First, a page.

My colleagues and I are not alone in thinking that the bill is weak and ineffective. The Canadian Breast Cancer Network is the national link between all of Canada's breast cancer prevention organizations, including the Canadian Cancer Society, the Canadian Breast Cancer Foundation and the Breast Cancer Foundation of Canada, and they do not believe that the bill does enough to enhance screening for women at risk of breast cancer.
I know that the government has a hard time listening to expert advice from those members of civil society who know better than it does, but I beg the government to take note of three major recommendations that the Canadian Breast Cancer Network is saying will make a real difference for Canadian women.
First is new clinical screening machines, MRI digital mammogram machines, that are more routinely used on all women. We must invest in state-of-the-art technology to save cancer patients now. A government that can invest in fighter jets can surely afford the diagnostic machines that have been proven to save the lives of cancer patients.
Second, screening for all women should begin at the age of 40. The government must fund a federal program to establish screening programs for women aged 40 to 49. It is proven that early detection is paramount with breast cancer, and that is why a program that gives women access to doctors and screening before the age of 50 is crucial.
Third, the CBCN has identified that Nunavut must have a breast cancer screening program. We must work with the territorial government to fund this program to reach out to at-risk women instead of demanding that they travel out of territory to receive equal health care.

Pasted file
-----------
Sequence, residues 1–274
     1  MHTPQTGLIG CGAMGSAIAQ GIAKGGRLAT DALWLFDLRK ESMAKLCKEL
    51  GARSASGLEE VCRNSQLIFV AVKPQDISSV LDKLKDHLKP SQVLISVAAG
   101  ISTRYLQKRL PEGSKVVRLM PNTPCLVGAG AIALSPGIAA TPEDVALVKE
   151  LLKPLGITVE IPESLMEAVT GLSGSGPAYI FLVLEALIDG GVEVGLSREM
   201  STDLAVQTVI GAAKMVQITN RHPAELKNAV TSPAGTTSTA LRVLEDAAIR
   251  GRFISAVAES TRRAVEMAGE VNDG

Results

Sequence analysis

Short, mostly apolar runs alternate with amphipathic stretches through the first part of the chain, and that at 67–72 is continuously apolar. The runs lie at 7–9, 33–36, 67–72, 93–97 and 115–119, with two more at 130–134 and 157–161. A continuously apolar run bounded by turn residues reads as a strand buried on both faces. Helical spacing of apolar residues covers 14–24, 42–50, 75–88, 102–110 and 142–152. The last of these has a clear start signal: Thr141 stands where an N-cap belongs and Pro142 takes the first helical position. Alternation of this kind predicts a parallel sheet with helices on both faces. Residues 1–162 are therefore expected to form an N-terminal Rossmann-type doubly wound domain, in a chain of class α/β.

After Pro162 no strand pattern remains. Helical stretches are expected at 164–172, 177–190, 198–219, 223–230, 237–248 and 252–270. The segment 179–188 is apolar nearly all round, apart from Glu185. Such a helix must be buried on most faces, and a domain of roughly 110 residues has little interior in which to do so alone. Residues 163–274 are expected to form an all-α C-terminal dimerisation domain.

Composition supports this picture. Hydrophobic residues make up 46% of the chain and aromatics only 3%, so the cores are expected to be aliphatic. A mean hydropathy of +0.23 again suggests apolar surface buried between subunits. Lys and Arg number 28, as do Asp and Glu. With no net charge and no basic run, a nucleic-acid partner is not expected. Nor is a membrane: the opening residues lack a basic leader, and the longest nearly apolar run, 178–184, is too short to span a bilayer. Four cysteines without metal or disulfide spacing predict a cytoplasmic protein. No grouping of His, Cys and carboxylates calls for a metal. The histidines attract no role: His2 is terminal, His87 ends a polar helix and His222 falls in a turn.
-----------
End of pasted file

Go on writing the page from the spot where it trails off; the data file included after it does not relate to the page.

While the Canadian Cancer Society is, of course, eager for legislation aimed at preventing breast cancer, it has come out and said that this bill will not produce any tangible outcomes for breast cancer patients and their families.
It is also important that we speak to the needs of families when we talk about cancer.
Anyone who has had a family member with cancer, as I have, can tell us how important it is to be supported in the role of an informal caregiver. We do not have enough home care in any of our provinces or territories in Canada; when family members become ill, it almost always falls on their family and community to care for them. This has practical repercussions on people's lives. When I say “support”, I do not mean only emotional and spiritual support for the patient. Although the value of emotional support is unquantifiable in difficult times, Canadians need practical financial support as well.
Alex Jahad, a physician who was the keynote speaker at the CAT conference, said in his address that informal caregivers are the largest invisible majority in health care. They are usually women who are also working and at the same time raising children. Less than one-quarter of these women receive any financial support from the system. In consequence, they themselves will develop chronic conditions and illnesses brought on by overwork and stress.
Dr. Jahad said that the amount of unpaid informal care that takes place in Canada translates to $80 billion to $90 billion of labour. I would therefore like to take this opportunity to remind the House about the NDP's position on increasing access to employment insurance for anybody who must take leave from work in order to take care of a sick relative.
There are real changes that can be made to help fight breast cancer, and we know what they are. The experts have told us what they are. This government is lacking the political will to take serious action. We must fund programs and create the legislation that will have real effects on the lives of Canadians, not just short-term bandage solutions.